The Four Steps Involved in Reaching a Property Settlement

 Step One

All of your assets, liabilities and financial resources (such as superannuation and pending personal injury claims) must be valued and totalled. A family lawyer can provide you with a list of what you might need. At the end, we will know what the total asset pool is. A very important part of this process is the exchange of disclosure. You must obtain financial documentation and provide copies to the other party in the dispute.

This is so both parties can satisfy themselves that you can be confident of what is in the property pool and the history of contributions. It is very important that you obtain your disclosure and provide it to your lawyer as soon as possible. One way that costs rapidly increase is if there are disputes and delays in disclosure.

Step Two

The legislation says we must then consider the contributions that both parties made to the asset pool. These contributions can take many forms. It can be paying the mortgage for the property that you live in. It could be paying the food and utilities so as to allow the other person to pay the mortgage. It also includes caring for children, doing the housework and improving and maintaining the property. If one of the parties brought in an inheritance or significant property this may also be taken into account in determining the overall contributions.

Step Three

The third step requires the court to consider the future needs of both of the parties to the relationship. This involves an assessment of their future earning capacity, their role in raising the children, any health matters that could affect their employment prospects. The parent who is going to have primary care of the children will often receive an adjustment in their favour under this step.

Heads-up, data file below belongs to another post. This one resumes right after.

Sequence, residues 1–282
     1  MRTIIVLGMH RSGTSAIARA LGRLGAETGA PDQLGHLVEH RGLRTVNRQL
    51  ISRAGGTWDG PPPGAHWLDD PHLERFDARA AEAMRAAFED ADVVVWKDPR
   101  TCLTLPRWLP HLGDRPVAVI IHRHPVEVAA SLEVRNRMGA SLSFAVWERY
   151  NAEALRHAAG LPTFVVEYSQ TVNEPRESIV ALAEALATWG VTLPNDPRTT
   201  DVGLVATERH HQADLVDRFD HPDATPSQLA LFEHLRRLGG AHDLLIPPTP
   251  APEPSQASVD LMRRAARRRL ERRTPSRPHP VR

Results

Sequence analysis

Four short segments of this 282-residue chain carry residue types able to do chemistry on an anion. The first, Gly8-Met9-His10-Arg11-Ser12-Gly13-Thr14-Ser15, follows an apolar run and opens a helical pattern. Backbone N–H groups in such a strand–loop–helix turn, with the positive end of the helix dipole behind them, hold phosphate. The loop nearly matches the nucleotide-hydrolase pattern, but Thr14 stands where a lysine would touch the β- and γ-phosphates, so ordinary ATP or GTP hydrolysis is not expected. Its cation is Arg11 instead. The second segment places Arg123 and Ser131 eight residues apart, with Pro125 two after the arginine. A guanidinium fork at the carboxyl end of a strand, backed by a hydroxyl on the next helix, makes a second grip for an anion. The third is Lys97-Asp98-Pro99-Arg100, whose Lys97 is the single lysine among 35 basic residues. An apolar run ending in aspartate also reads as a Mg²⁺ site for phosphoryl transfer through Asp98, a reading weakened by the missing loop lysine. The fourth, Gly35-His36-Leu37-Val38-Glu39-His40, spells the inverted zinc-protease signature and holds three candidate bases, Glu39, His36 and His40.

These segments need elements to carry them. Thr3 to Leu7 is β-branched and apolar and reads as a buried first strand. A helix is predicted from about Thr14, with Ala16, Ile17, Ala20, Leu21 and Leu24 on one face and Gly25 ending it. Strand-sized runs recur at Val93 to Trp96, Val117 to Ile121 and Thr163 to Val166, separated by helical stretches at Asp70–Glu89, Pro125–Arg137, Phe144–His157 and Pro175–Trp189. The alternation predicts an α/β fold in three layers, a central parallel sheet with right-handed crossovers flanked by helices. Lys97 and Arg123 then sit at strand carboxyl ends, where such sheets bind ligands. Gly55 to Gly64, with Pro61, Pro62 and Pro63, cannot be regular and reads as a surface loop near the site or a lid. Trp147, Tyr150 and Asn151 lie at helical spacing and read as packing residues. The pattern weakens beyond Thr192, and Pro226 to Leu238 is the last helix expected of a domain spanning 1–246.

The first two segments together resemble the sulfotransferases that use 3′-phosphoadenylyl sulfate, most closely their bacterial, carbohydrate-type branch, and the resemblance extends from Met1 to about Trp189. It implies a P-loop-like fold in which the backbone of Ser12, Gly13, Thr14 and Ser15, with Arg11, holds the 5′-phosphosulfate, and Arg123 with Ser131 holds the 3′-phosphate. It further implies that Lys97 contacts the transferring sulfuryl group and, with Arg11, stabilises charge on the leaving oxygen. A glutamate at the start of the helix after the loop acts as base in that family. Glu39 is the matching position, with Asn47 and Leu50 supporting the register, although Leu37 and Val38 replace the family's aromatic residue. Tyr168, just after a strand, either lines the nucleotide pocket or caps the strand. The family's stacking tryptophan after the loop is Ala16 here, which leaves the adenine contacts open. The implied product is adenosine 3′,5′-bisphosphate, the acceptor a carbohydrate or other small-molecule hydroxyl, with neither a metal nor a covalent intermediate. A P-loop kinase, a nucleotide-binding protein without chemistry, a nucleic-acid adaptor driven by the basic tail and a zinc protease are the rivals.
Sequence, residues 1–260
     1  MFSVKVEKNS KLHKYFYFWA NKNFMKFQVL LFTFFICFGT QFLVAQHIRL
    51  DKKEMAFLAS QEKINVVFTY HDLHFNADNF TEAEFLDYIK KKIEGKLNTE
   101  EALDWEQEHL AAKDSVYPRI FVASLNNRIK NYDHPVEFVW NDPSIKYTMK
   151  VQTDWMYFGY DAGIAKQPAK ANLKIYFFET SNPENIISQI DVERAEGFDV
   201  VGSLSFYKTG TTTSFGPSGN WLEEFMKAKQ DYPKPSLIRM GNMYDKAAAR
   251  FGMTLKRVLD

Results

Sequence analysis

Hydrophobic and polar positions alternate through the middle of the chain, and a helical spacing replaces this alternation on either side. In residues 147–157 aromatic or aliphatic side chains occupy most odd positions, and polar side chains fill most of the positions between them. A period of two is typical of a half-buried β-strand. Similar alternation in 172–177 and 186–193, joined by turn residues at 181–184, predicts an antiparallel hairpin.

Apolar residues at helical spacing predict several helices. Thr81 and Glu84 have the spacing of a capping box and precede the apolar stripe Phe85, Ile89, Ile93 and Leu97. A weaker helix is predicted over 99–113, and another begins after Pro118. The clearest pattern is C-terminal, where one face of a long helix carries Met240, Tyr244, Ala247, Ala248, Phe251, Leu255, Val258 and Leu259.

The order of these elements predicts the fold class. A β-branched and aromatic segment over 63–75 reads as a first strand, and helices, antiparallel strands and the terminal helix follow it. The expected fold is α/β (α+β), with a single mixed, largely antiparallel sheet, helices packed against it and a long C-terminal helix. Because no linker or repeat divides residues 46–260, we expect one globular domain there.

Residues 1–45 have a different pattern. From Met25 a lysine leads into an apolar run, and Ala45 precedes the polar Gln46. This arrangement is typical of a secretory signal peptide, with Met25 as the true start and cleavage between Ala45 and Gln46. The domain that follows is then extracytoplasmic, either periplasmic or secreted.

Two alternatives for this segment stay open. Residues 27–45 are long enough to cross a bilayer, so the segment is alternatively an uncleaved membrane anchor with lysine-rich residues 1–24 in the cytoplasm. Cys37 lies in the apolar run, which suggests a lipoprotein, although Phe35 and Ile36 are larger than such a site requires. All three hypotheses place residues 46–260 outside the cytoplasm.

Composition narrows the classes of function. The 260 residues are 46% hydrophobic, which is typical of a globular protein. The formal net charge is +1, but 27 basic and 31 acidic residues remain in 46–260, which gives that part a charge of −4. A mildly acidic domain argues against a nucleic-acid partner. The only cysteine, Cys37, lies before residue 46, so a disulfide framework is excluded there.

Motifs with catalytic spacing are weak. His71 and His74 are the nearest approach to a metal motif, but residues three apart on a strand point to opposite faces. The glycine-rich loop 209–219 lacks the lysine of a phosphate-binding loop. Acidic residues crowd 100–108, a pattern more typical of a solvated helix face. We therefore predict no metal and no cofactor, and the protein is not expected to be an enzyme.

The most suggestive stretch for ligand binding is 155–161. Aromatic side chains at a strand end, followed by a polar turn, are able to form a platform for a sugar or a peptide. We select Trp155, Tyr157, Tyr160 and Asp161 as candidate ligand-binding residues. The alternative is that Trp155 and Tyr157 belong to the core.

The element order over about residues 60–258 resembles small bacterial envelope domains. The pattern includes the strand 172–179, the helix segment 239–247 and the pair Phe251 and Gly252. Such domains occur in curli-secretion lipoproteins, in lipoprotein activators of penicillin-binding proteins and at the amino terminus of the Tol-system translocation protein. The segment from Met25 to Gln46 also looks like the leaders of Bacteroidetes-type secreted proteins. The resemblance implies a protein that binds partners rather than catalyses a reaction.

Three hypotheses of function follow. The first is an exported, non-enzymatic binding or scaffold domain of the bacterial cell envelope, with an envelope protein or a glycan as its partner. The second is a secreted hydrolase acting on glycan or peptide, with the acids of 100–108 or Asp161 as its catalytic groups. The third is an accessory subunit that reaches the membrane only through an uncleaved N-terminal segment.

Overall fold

Step Four

Step Four requires the court to review the asset pool and the other factors to determine whether or not the settlement is just and equitable. The court must consider that case as a whole. For example, the behaviour of the parties and the existance of a previous informal settlement led the court to consider not making any order in favour of one of the parties in a case that was heard.


When parties decide to divorce it is a very difficult and painful decision. People are often confused and overwhelmed by all the decisions to be made from dividing household furniture to retirement plans to a custody and visitation schedule. To some people, no division of assets seems fair, especially when there has been betrayal or abuse in the relationship.

When the parties fail to agree on these matters this usually leads to a “contested divorce”. A contested divorce is the process of taking an issue to trial and presenting testimony and evidence so that the judge can make a final decision regarding custody, visitation, support and property division.

It is always best if the parties can work together with their attorneys to negotiate a settlement. With the help of a knowledgeable and effective attorney many parties are able to work out a resolution without having to give up all control to the judge.

If you and your spouse are not able to settle your case, you may need to proceed with trial. The first step toward trial is filing an “at-issue memorandum.” This court form gets filed by your attorney and lets the court know where the parties stand in the case. The court then sets your case for a Mandatory Settlement Conference.

The purpose of a mandatory settlement conference is to give the parties and their attorneys an opportunity to meet and discuss the pending issues in the case. When possible the parties will come to an agreement either on select issues or on all issues. If an agreement is reached on all issues then the parties can proceed to judgment.

If the parties are not able to come to an agreement they can ask the court to set another Mandatory Settlement Conference if the parties think they may be able to work things out with some more time. If the parties cannot agree they ask the court to set their case for trial.

If your case is set for trial it is important to have an attorney on your side that knows the procedures and how to work within the system. I limit my practice to Riverside and San Bernardino counties to be more effective in my representation of clients.

If you’re in a divorce and your spouse is being unreasonable and won’t settle or if you’re planning on filing and know it’ll be a fight, contact the Law Office of Erica C. Affinito now for your free initial consultation. I’m not afraid to fight for you.